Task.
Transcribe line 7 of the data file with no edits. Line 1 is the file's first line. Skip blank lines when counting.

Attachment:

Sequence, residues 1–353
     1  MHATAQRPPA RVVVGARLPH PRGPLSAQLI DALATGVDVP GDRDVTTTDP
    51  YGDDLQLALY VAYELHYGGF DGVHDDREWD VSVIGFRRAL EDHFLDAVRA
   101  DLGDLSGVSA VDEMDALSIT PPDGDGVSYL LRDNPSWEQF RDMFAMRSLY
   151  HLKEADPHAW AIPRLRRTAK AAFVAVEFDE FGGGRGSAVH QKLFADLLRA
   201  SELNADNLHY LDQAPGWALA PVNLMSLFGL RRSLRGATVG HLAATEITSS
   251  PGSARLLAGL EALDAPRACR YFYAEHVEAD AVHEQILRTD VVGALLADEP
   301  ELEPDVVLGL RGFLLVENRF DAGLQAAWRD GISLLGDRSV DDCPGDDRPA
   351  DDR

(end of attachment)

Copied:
   251  PGSARLLAGL EALDAPRACR YFYAEHVEAD AVHEQILRTD VVGALLADEP